Well done James. In an age where truth and knowledge are completely ignored (at least in the main stream), it’s really important for people to read some philosophy.

    I’m a psychologist, but my BA in philosophy laid an invaluable intellectual foundation.

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  2. 2. fyngyrz 4:58 pm 09/23/2011

    Here’s your entire problem: You need to learn to say “we don’t know the answer to [question]; we may never know the answer to [question]; and in the meantime, even if that meantime is forever, we don’t need to make up answers to [question.] If, however, we can determine a way to actually find the answer to [question], that would actually add value to human knowledge and society.”

    Free will? We don’t know. Birth of the universe? We don’t know. AI? We don’t know (though I’m pretty confident that veil is about to fall.) Etc.

    Philosophy is (in its very best guise) a mechanism for examining questions and guessing at answers without significant, objective reality backing up the process. Consequently, it is of little use other than to deceive and distract.

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  3. 3. eudaimonist 6:27 pm 09/23/2011

    In spite of the confidence of “fyngyrz” that philosophy is best at guessing at answers, it functions for a much different purpose. Even when we don’t know the answers to life’s difficult questions, we still must act in the world; we still have to act on the best information present. Philosophy, at its best, helps us notice that often times our arguments contain spurious evidence and so philosophy protects us at a time when we are vulnerable (i.e. at a time when we don’t know yet still must act). The deception is created by those that tell us philosophy is a nuisance, much like the rhetoricians who charged money to help their customers “win”.

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  4. 4. mhilm 9:56 pm 09/23/2011

    Philosophy is an attempt to understand. Like science, it must be done with (ideally) an understanding of what is known, an open mind, and a willingness to engage in constructive debate.
    Philosophy can be used to clarify ambiguity, thus enabling more precise experimentation and deeper exploration.
    It teaches people to think and reason.
    And it is an invaluable tool when attempting to understand something as confused and confusing as humanity. We are not rational. We are emotional creatures, prone to belief and not altogether fond of rigorous study. Science may tell us how our brains work, but philosophy can help us understand why we use them as we do.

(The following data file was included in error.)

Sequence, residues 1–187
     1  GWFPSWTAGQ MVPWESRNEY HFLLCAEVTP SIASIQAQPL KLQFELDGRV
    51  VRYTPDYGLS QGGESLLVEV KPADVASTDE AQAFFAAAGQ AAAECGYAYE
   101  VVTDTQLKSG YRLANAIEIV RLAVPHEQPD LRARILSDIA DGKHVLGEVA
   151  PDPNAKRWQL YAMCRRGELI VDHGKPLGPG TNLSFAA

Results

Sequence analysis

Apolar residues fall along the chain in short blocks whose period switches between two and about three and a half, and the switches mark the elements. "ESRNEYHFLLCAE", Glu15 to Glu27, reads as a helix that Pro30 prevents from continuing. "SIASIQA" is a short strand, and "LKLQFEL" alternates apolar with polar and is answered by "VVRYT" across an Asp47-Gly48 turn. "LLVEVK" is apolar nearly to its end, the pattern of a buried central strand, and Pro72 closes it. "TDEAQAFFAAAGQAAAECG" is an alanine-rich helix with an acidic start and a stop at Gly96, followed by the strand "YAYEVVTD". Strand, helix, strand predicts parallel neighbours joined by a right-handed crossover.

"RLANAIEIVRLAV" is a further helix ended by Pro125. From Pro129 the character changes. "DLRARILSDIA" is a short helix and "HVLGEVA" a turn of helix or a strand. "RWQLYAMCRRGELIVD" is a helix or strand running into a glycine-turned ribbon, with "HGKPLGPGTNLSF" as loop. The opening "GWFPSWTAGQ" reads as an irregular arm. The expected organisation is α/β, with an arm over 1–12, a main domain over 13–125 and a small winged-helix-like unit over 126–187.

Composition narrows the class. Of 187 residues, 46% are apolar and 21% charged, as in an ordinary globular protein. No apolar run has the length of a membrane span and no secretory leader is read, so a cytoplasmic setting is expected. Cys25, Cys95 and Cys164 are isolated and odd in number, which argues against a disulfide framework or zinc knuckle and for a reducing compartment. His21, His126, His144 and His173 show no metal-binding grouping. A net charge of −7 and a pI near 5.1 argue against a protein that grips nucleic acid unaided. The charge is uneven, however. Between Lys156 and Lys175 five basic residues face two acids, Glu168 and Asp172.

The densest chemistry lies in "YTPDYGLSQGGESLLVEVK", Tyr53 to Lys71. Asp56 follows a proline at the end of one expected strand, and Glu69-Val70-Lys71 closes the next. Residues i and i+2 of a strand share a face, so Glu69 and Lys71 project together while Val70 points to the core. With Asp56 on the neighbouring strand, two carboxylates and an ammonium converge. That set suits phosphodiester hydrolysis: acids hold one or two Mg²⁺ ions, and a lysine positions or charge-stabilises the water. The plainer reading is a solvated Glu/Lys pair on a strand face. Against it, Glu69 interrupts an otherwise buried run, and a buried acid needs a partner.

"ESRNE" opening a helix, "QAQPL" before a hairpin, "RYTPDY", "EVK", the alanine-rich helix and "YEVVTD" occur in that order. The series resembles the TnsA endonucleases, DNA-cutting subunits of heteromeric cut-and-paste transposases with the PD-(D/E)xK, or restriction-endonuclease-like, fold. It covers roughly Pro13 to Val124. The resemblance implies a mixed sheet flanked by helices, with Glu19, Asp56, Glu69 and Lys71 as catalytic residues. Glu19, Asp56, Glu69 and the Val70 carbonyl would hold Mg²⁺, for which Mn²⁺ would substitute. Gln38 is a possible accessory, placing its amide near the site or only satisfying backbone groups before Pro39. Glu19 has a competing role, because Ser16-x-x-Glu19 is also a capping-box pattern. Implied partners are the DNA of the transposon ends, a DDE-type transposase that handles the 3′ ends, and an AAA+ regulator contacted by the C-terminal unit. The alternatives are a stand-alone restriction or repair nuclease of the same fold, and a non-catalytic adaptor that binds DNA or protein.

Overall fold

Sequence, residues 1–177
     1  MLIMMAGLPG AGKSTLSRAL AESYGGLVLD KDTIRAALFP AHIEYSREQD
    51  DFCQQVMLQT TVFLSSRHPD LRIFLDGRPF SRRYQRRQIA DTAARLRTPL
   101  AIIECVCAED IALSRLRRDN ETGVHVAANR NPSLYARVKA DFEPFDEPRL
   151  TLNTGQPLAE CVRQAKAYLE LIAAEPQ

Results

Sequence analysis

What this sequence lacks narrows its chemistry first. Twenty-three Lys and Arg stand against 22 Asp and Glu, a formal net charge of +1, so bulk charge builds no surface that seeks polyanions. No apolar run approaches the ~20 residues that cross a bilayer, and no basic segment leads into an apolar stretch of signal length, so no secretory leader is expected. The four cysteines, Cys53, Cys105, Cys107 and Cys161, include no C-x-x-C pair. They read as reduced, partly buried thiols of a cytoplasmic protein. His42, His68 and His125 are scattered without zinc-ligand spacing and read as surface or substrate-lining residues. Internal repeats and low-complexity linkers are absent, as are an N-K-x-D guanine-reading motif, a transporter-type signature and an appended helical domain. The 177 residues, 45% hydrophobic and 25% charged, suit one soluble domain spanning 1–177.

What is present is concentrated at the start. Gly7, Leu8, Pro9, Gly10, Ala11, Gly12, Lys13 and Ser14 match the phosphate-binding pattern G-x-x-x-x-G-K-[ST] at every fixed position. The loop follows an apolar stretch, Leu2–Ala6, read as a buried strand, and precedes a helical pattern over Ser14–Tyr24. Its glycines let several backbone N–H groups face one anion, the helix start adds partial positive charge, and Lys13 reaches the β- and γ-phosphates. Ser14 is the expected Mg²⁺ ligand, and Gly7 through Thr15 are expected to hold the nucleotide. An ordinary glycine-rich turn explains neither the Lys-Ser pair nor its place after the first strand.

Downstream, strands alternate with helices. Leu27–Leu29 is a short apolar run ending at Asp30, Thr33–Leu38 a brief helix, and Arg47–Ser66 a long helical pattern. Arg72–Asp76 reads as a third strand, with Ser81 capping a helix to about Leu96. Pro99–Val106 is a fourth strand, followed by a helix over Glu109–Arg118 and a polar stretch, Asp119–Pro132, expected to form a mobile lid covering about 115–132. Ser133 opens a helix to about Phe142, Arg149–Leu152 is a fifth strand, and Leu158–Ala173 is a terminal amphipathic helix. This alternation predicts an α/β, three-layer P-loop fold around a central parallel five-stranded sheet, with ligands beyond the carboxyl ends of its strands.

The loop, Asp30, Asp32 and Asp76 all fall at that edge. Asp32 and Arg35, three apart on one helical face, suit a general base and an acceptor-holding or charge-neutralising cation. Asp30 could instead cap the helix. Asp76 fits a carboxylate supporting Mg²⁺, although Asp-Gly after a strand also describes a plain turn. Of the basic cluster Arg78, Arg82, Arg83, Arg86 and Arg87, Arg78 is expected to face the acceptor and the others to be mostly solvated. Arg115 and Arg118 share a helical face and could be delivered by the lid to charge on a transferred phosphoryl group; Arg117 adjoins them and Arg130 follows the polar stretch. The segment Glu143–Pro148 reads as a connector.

Think of philosophy as a tool for analyzing and hopefully gaining understanding of aspects of humanity that science can’t.

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  5. 5. gesimsek 2:21 pm 09/24/2011

    “Know yourself”

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  6. 6. Thompson 5:31 pm 09/24/2011

    …a physicist trifles with randomness and crafts an essay.

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  7. 7. jlloyd 7:50 pm 09/24/2011

    @smcnerne Glad you agree!

    @fyngyrz,eudaimonist,mhilm Interesting to read your views. I guess science and philosophy will always have a bit of a love-hate relationship…probably why it’s so fascinating, for me at least.

    There’s a great science vs. philosophy discussion in the Robin Ince / Brian Cox ‘Infinite Monkey Cage’ podcasts… (listen in the player…it’s the December 2010 episode).

    @Thompson Not sure what you’re implying ;) I think I’ll take it as a compliment.

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  8. 8. Torbjörn Larsson, OM 8:12 am 09/25/2011

    Interesting, I have done the exact opposite journey. I started out as idealist and an implicit liking for philosophy among other ideals. But as a newborn realist I didn’t know what to make of it until I stumbled on testability.

    Then, of course, philosophy is revealed as the art of “making shit up”, or tell just-so stories. It is as all such endeavors exactly contrary to science. In eudaimonist terms it is at best a nuisance, on the par of rhetoricians, at worst a danger.

    As a result it seems any practical and philosophical questions melt under the light of empiricism.

    A few examples: observing that testing converges on robust theories tests testing; asking “why” is to ask for a theological teleology; realism is “constrained reactions on constrained actions” or classical action-reaction or quantum observation-observables and is deepened by quantum physics observations on its properties; “free will” is confusing a theological dualism of souls or a practical folk psychology of self observation with the biology where actions are decided way before it enters the conscious mind*; and so on.

    * Many or most biologists reject “free will” entirely. I have been arguing with for example Coyne that the folk psychology theory is still valid as an effective theory, even if it is contrary to biology.

    As a note, “free will” is way more realizable in deterministic systems than quantum, since classical systems can diverge exponentially and chaos is observed. No finite system can decide the “replay” initial conditions, so such experiments will show “free will” with different outcomes.

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  9. 9. obscurantist 9:45 am 09/25/2011